No matter what we write, we can learn a lot from poets. Knowing how to make the most out of every word, how to find rhythm in language, and how to convey a point with subtlety and poignancy is a talent we should all aspire to.
Luisa A. Igloria is the winner of the 2015 Resurgence Prize (UK), the world’s first major award for ecopoetry, selected by former UK poet laureate Sir Andrew Motion, Alice Oswald, and Jo Shapcott. She is the author of the chapbooks Haori (Tea & Tattered Pages Press, 2017), Check & Balance (Moria Press/Locofo Chaps, 2017), and Bright as Mirrors Left in the Grass (Kudzu House Press eChapbook selection for Spring 2015); plus the full length works Ode to the Heart Smaller than a Pencil Eraser (selected by Mark Doty for the 2014 May Swenson Prize, Utah State University Press), Night Willow (Phoenicia Publishing, Montreal, 2014), The Saints of Streets (University of Santo Tomas Publishing House, 2013), Juan Luna’s Revolver (2009 Ernest Sandeen Prize, University of Notre Dame Press), and nine other books. She teaches on the faculty of the MFA Creative Writing Program at Old Dominion University, which she directed from 2009-2015.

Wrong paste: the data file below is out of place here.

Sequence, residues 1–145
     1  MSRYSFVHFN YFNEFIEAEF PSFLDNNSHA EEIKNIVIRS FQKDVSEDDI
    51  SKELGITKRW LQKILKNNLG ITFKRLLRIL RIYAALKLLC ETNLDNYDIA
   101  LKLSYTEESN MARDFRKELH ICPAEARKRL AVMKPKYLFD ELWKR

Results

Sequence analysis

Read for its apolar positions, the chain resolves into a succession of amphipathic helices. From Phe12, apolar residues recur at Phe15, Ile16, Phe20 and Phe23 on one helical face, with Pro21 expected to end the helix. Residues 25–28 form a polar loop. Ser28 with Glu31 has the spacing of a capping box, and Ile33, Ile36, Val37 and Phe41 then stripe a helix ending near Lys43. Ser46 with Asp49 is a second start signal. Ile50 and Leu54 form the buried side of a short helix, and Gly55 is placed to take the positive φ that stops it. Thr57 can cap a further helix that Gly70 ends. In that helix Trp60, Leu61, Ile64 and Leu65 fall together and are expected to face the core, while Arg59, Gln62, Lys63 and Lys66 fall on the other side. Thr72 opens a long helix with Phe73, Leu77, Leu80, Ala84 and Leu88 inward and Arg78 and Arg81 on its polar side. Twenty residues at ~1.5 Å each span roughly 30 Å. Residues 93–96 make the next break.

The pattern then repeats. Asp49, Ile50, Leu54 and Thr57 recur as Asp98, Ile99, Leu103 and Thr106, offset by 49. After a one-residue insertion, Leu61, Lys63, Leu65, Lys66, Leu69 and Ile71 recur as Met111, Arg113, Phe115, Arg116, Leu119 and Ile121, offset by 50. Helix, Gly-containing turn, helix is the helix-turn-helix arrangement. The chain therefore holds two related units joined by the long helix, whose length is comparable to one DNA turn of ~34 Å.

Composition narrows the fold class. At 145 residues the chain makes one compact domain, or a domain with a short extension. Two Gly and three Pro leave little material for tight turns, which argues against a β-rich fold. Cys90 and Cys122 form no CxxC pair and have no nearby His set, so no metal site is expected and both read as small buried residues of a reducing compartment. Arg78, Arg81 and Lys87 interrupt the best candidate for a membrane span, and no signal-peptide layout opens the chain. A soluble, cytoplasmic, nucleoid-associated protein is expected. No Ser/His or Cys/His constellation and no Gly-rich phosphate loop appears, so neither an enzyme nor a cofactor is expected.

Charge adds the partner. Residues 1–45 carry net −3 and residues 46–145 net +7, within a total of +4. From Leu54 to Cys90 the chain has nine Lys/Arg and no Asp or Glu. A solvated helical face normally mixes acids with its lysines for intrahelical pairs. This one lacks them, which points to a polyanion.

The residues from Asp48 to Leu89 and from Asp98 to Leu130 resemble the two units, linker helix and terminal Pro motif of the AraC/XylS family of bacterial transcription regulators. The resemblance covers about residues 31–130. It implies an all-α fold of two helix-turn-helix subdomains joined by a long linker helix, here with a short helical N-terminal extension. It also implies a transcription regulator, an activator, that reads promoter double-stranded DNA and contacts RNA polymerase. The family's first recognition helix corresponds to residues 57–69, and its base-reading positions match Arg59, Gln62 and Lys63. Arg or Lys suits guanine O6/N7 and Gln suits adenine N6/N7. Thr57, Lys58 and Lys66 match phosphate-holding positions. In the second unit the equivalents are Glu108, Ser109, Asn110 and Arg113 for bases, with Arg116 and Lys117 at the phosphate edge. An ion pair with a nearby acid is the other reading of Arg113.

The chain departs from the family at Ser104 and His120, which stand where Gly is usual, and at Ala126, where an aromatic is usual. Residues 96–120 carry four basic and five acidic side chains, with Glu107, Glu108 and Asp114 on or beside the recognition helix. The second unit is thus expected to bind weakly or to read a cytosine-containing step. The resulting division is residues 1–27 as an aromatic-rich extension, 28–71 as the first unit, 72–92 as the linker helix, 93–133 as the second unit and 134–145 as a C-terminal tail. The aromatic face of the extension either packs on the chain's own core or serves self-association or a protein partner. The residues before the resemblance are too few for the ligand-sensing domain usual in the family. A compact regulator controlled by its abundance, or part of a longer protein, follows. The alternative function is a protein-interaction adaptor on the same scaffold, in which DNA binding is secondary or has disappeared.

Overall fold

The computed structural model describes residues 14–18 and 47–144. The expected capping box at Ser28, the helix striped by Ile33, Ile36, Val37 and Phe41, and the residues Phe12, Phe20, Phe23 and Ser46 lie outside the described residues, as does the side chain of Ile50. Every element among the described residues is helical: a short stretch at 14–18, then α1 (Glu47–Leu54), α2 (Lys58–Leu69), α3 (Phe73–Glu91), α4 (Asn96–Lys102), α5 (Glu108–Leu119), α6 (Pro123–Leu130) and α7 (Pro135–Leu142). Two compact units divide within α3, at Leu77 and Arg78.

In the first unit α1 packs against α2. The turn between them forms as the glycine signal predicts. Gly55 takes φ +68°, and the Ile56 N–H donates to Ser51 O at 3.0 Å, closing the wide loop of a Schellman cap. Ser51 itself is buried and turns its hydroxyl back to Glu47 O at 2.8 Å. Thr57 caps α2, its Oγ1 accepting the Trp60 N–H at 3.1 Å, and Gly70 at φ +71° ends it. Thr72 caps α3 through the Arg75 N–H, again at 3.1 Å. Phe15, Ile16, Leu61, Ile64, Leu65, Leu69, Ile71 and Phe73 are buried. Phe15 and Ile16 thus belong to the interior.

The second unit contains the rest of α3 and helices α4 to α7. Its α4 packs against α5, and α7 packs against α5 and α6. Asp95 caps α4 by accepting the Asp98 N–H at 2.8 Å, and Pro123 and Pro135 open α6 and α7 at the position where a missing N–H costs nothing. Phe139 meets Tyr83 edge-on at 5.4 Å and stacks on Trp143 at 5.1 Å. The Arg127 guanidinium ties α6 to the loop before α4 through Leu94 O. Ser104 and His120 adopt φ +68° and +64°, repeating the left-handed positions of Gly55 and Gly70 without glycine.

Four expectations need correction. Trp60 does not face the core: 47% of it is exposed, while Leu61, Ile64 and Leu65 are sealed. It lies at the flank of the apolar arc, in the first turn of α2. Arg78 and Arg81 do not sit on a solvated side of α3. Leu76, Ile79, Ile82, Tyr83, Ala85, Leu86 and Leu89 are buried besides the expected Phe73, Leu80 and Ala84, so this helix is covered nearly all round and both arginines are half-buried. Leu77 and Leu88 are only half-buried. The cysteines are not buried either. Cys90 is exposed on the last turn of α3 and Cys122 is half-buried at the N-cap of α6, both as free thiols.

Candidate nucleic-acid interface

Q & A with Award-winning Poet Luisa A. Igloria
Kris: Do you edit as you write, or do you save your internal editor for a later stage?
Luisa: Because I’ve built up a daily writing practice (writing at least one poem a day for the last six years plus some (as of today, 2413 days or 6 years, 7 months and 9 days), I have learned to revise as I write. For my daily writing practice, my process is primarily structured around the idea that every day, for anywhere between a half hour to an hour per day, I will come to my writing. I don’t set a particular time of day—because I’m a full time academic, a mom, a spouse, and have many responsibilities on any given day, I have learned to look for those pockets of time which can then be widened just a bit so I can drop down and come to my writing there. That can be anywhere as well—in between classes, waiting at the dentist’s, waiting for my daughter to come out of school, waiting for the rice or a roast to cook before dinner; or late at night, after I’ve done my class preparations or grading, and am sipping one last coffee before bed. When I am there in the space I’ve ordained for writing, I focus my attention on nothing else. I look forward to this and cannot imagine not writing every day now.